People frequently hear about "immigration court" without knowing fully what it is, and where it fits into the US government.
In brief, the immigration court system, technically known as the "Executive Office for Immigration Review" or "EOIR" is part of the United States Department of Justice. This means that is independent of the Department of Homeland Security, though it is subject to the enforcement priorities of the US Atty. Gen.
The court system includes over approximately 330 Immigration Court judges, popularly known as "IJ's" sitting in 29 states and US territories, including multiple specific court locations within certain states. The judges are "administrative law judges" and they function as "judges of the facts and the law" This means they are allowed to consider evidence presented to them for claims which do not have to strictly comply with the formal rules of evidence that exist in in the jury and non-jury trials in state and federal court.
The court has its own detailed procedural rules, which have to be carefully followed. It hears cases of "removal" (the modern term for deportation) as well as certain other kinds of cases. Appeals from immigration judge decisions can be taken to an administrative board in EOIR, called the "Board of Immigration Appeals" or "BIA."
THE IMMIGRATION COURT SYSTEM BACKLOG – HOW BIG IS THAT?
When I began practicing immigration law in 2002 Immigration Court system had a backlog of 166,000 cases. In the intervening years the emphasis on immigration enforcement and removal has resulted in dramatic growth in the case backlog. It was over 408,000 in 2014, 516,000 and 2015, and is now at a stunning 632,000 cases pending in all the court locations. That breaks down to approximately 2085 cases for each immigration judge in the system!
In Newark, where most of my appearances take place, the most current backlog for which we have numbers is over 33,300 cases. These are split among the 8 immigration judges sitting here, resulting in an astounding 4125 cases for each immigration judge in Newark!
THE RESULT: THE COURT SYSTEM STRETCHED BEYOND THE BREAKING POINT
Many cases in locations like Newark are complex. Difficult questions concerning asylum eligibility, immigration classification of crimes and whether they mean that a respondent (defendant) must be deported or may be (depending on his/her "equities in the United States) are time-consuming and difficult. With so many cases to handle, the backlog continues to grow and is not surprising to go one year if not more between "master" (scheduling) hearings until one gets to the final "individual" hearing or trial.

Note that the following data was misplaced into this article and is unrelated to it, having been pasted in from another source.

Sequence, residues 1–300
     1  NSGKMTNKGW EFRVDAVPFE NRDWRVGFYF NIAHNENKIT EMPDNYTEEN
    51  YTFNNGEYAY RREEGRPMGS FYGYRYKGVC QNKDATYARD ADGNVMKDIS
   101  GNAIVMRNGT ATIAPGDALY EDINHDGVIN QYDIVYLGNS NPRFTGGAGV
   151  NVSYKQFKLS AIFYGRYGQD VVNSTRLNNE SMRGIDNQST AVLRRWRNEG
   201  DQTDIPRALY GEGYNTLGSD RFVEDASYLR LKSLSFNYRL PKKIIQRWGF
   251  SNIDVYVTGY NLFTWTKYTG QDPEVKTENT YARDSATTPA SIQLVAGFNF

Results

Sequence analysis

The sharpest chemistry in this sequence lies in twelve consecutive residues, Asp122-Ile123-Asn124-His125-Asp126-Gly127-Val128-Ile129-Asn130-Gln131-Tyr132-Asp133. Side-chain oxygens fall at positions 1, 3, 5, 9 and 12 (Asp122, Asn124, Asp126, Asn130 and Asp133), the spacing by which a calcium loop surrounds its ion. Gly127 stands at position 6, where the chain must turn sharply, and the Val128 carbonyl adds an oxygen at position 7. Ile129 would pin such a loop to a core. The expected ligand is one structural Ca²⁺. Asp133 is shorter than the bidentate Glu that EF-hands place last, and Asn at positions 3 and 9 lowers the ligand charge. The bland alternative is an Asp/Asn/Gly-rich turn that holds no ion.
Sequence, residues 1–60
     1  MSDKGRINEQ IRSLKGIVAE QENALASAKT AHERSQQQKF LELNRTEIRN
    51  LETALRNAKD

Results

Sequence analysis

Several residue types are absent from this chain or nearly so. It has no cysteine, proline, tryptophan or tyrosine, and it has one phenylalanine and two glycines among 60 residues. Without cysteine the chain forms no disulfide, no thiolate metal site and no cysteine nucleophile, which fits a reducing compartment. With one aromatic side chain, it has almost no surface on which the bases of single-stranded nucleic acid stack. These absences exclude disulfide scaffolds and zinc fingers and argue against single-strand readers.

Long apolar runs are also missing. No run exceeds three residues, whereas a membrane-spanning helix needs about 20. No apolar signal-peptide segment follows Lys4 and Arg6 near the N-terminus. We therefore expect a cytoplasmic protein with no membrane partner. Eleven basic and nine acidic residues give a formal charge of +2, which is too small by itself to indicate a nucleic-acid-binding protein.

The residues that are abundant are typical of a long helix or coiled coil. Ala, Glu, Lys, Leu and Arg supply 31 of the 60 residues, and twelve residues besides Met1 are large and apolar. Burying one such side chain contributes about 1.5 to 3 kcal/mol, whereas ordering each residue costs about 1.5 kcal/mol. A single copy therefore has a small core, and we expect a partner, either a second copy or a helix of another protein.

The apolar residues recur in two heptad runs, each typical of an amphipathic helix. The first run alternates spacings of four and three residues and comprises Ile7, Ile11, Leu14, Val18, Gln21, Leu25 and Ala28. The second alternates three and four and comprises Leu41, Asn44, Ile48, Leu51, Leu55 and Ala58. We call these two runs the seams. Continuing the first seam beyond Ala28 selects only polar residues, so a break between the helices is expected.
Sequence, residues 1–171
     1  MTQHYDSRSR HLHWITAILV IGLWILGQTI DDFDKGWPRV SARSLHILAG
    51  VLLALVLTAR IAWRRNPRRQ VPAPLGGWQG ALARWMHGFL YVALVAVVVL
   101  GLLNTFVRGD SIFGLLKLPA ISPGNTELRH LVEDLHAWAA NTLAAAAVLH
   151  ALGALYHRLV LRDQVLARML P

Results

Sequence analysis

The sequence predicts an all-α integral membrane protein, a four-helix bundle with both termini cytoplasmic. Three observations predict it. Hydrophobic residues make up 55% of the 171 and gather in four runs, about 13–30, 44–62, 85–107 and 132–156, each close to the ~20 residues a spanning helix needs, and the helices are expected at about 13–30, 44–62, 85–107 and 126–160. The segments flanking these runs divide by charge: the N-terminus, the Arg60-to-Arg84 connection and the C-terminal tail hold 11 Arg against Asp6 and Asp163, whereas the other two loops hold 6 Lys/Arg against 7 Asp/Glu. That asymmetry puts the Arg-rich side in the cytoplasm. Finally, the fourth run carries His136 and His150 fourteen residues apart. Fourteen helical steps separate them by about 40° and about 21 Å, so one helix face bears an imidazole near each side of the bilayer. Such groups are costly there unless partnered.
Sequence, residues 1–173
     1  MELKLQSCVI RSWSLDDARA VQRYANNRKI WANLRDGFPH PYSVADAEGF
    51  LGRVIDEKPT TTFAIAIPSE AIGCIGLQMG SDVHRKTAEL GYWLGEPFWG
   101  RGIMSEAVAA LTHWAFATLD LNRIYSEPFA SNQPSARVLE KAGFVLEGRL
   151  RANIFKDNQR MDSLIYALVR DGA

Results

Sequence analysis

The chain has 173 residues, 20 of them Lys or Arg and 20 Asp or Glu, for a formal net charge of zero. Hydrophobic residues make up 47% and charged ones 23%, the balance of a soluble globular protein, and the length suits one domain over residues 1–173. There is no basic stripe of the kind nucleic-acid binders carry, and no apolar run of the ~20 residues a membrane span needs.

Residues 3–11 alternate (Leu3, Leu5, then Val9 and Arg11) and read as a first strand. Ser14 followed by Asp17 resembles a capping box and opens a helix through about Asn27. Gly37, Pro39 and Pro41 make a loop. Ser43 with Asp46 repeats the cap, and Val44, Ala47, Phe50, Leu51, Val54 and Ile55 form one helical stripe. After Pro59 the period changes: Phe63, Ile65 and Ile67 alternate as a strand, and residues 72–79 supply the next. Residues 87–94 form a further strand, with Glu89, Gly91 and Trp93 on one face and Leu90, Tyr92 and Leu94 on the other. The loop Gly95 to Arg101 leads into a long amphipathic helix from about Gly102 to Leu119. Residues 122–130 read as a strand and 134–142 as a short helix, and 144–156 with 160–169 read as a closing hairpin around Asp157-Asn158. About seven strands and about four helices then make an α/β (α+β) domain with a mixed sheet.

These days a typical case can be expected to run 3 to 5 years. I mentioned in a prior post where I had an asylum case that went through a couple of appeals that the case has been pending for a solid decade. Regardless of what one thinks the outcome of a given case should be, the old saying "Justice Delayed Is Justice Denied" applies.
Other contributing factors to the delays is the "fire brigade" approach that the Department of Justice is taking to addressing certain immigration problems it considers have priority. This results in snap reassignments for "emergencies" affecting judges who sit in places like Newark, and further delay and backlog chaos in the system.
The Trump administration has also suggested that the problem can be "solved" by simply measuring IJ performance on the number of cases the judge completes within a year. As a lawyer interested in seeing that the rule of law is honored, I feel this "solution" is totally unworkable and in fact would be a violation of due process of law.
THE ONLY REAL SOLUTION: A DRAMATIC INCREASE IN EOIR JUDGES AND COURT RESOURCES
We are frequently told about immigration enforcement being given "priority" through the hiring of increased numbers of ICE (Immigration and Customs Enforcement) agents serving inside the United States and additional CBP (Customs and Border Protection) officers being hired to patrol and safeguard America's borders.
If comparable increases in immigration judges are not taken to deal with the increased caseloads resulting from increased enforcement, the overall case backlog will simply increase in immigration court system will fall even further. If we respect the rule of law, we must allocate sufficient assets to ensure that even non- citizens get their proper "day in court" consistent with the due process rights that they have under Supreme Court precedent and our Constitution.
Brian D. O'Neill Attorney at Law, LLC
Immigration, Employment and Business Law